Solid state inverter circuits employing silicon controlled rectifiers (SCRs) to control the flow of current are known in the art. The series pass SCRs are generally commutated by providing alternate paths for the current with feedback rectifiers employed to conduct excess commutating currents during turn-off. The SCRs are turned off by inverse voltage impulses which are applied to commutation circuits of sufficiently low impedance to provide extinguishing current and are of sufficient amplitude and duration to more than extinguish the current flow through the SCRs. In many such circuits the inverse voltage impulses actually imposed upon the series pass SCRs are only the voltage drop across the single feedback rectifier and have been marginal. Under certain load conditions the inverters have failed. The rate of rise of current flowing in the series pass SCRs has often become excessive at turn-on due to the lack of appropriate series impedance. Also, the rate of rise of voltage has often not been inherently controlled upon the reapplication of forward voltage due to the design of certain commutating circuits.

OBJECTS AND SUMMARY OF THE INVENTION It is an object of the present invention to provide an improved power conversion apparatus and programmed current switching circuits for use therewith.

It is another object of the present invention to provide power conversion apparatus which is easily controllable and provides relatively simple output waveforms.

It is another object of the present invention to pro vide power conversion apparatus which is relatively immune to changes in load.

It is a further object of the present invention to provide power conversion apparatus which operates at relatively high frequency to provide controlled d.c. or a.c. output voltages.

It is a further object of the present invention to provide power conversion apparatus employing improved SCR switching circuits.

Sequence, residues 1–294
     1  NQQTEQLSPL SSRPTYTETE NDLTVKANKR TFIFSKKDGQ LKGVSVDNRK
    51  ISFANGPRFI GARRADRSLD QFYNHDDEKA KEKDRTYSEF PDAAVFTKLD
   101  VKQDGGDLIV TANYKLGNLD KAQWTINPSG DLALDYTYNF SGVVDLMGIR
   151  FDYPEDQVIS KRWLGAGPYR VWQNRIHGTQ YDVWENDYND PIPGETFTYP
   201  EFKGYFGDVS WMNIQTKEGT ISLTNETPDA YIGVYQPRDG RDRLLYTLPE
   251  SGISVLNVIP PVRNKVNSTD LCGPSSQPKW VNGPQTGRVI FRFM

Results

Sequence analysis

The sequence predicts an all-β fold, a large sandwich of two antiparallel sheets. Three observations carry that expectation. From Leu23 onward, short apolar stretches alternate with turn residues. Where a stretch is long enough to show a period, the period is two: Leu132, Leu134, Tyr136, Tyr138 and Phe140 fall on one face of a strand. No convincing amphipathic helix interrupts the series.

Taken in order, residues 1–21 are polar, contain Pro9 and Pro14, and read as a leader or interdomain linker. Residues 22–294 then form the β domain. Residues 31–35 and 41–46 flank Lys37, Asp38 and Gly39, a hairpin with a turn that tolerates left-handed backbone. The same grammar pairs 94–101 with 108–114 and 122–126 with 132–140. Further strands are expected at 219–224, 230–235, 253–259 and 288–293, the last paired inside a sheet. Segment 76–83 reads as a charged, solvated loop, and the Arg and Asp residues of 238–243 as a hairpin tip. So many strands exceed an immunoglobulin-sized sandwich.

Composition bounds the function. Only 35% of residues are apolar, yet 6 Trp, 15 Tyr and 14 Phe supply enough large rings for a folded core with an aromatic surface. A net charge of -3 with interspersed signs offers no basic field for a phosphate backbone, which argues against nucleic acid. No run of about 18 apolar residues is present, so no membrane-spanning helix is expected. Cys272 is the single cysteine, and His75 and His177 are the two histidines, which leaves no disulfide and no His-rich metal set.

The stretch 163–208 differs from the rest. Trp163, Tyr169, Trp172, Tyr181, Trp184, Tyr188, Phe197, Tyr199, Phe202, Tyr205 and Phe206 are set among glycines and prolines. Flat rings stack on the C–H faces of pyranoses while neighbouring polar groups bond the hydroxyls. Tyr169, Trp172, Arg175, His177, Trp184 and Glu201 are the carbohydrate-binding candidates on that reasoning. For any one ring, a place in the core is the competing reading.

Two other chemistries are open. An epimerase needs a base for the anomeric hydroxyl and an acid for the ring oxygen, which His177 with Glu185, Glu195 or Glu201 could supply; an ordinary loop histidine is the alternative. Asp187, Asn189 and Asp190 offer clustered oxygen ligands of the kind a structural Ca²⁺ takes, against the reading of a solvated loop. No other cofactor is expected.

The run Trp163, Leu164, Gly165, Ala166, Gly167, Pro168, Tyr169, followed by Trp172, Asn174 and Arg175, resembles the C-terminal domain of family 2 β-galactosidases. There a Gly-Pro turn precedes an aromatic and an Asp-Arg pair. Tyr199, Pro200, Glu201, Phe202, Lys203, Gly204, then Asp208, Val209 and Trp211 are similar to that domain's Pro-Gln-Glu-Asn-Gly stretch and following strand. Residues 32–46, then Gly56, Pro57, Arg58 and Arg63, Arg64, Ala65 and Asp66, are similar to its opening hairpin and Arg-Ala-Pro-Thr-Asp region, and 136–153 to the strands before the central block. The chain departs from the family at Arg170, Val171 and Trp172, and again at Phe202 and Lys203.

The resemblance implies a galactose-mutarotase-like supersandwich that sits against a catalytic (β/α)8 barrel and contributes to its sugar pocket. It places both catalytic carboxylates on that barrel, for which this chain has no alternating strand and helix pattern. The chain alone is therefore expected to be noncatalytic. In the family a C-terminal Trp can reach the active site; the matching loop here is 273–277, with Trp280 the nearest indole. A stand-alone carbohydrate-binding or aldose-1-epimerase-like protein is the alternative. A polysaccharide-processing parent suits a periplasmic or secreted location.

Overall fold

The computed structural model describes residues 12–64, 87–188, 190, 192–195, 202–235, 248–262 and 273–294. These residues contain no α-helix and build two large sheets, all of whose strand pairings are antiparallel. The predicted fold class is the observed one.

It is a further object of the present invention to provide an SCR programmed current switching circuit in which all SCRs are turned off with significant back bias, are turned on with controlled di/dt, and are subjected to controlled dv/dt upon the reapplication of forward voltage.

In accordance with the above and other objects of the invention, there is provided power conversion apparatus for converting an unregulated d.c. high power signal to a regulated low frequency a.c. or d.c. signal including programmed current switches utilizing series pass SCRs, commutating SCRs and associated circuit components for switching the series pass SCRs. The programmed current switches are operated at a relatively high frequency and control means are provided for firing the SCRs to generate an average power output signal corresponding to an amplified low frequency or d.c. reference signal. Means are provided for coupling the amplified power signal to a load, such means including a low pass filter for filtering the power output signal to a smooth waveform.

BRIEF DESCRIPTION OF THE DRAWINGS FIG. 1 is a block diagram of a typical system employing the present invention.

FIG. 2 is a simplified circuit diagram of a center tapped power supply converter in accordance with the present invention.

FIG. 3 is a detailed circuit diagram of the converter of FIG. 2.

FIGS. 4A-E show typical waveforms useful in understanding the operation of the circuits of FIGS. 2 and 3.

FIG. 5 is a block diagram of a suitable control circuit for controlling the programmed current switches of FIGS. 2 and 3.

FIG. 6 is a simplified schematic circuit diagram of a center tapped load, single way, single phase, low frequency a.c. inverter with all filter elemnts in the output circuits.

FIG. 7 is a simplified circuit diagram of a center tapped load, single way, single phase, low frequency a.c. inverter with the filter inductor in the primary circuit.